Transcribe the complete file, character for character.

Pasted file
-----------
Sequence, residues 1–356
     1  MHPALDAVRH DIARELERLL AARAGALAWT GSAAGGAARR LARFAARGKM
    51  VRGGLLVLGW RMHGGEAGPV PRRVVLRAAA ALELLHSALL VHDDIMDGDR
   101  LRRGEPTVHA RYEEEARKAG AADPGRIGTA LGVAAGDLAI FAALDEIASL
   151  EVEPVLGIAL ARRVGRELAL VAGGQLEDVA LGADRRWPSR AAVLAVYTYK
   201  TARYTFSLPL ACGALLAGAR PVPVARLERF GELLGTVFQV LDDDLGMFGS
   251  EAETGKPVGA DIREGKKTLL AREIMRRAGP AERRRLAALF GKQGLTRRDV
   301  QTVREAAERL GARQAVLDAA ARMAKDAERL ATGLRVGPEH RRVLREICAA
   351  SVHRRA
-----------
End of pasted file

Sequence, residues 1–356
     1  MHPALDAVRH DIARELERLL AARAGALAWT GSAAGGAARR LARFAARGKM
    51  VRGGLLVLGW RMHGGEAGPV PRRVVLRAAA ALELLHSALL VHDDIMDGDR
   101  LRRGEPTVHA RYEEEARKAG AADPGRIGTA LGVAAGDLAI FAALDEIASL
   151  EVEPVLGIAL ARRVGRELAL VAGGQLEDVA LGADRRWPSR AAVLAVYTYK
   201  TARYTFSLPL ACGALLAGAR PVPVARLERF GELLGTVFQV LDDDLGMFGS
   251  EAETGKPVGA DIREGKKTLL AREIMRRAGP AERRRLAALF GKQGLTRRDV
   301  QTVREAAERL GARQAVLDAA ARMAKDAERL ATGLRVGPEH RRVLREICAA
   351  SVHRRA